Clare Wrightman, Director of Grapevine, Coventry, a charity that helps people with learning disabilities to grow their lives tells us:
‘As an advocacy organisation we know that people with a learning disability are on the receiving end of abuse and ignorance, especially in the new institutions. In the Panorama expose independent advocates were completely absent. Our workers are a vital part of safeguarding the most vulnerable.
Why did we close long stay institutions run by the State as part of government policy only for local government to commission new ones from the private sector? People can be supported to live in their communities close to the people who really care about them’
Ellen Clifford, who has worked within the People First movement said:
One point I do think needs to be made is how traditionally there is such a risk averse approach to support for people with learning difficulties, favouring segregated institutional based care. This programme shows the extent of the dangers that are faced by people placed in exactly those type of settings that are purported to be safer for them as opposed to being supported to live independently in the community.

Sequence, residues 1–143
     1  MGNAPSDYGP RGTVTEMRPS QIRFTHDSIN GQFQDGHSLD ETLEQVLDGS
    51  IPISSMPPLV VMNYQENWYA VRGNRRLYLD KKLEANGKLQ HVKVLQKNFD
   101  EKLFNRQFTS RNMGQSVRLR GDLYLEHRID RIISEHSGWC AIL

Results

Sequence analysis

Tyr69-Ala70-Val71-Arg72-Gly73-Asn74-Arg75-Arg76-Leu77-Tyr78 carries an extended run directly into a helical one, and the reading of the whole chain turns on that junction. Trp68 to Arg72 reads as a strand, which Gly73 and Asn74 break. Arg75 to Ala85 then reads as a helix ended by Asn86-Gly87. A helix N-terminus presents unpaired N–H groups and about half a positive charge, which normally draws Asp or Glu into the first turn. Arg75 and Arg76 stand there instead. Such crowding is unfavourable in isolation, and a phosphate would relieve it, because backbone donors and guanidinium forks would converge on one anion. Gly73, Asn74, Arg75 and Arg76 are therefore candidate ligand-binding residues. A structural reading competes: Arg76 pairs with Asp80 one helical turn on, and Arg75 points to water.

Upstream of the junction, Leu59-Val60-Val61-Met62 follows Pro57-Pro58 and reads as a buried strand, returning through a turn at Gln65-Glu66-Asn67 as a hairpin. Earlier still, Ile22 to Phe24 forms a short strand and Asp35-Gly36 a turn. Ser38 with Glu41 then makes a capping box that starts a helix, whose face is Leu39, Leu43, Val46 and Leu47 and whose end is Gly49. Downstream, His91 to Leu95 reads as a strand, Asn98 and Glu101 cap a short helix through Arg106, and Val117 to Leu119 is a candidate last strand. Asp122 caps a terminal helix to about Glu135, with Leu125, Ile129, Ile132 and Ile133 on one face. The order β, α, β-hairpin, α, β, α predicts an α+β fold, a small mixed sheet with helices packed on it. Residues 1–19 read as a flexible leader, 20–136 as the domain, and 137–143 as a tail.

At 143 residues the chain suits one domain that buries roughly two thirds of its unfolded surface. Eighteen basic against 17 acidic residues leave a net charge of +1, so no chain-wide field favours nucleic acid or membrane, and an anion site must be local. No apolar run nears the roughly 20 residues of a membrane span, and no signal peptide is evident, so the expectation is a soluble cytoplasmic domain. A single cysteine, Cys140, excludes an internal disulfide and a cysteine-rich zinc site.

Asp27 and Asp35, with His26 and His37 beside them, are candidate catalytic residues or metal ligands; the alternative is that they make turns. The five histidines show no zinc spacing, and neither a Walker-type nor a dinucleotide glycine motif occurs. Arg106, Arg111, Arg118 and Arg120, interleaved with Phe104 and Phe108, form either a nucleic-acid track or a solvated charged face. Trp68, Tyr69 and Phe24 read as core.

the Quality Care Commission (QCC) clearly failed when it was given evidence of abuse on a plate which it ignored. There needed to be improvements in its systems. However as Panorama rightly identified, the core issue is that locked institutions should not be allowed to exist. The programme at times described people as “not being able to look after themselves” and as having the mental age of children, however that approach fails to recognize the abilities, talents and contributions which all people with learning difficulties have; as one of the programme experts said at the end, there is no reason why any of those people could not live better in the community with support.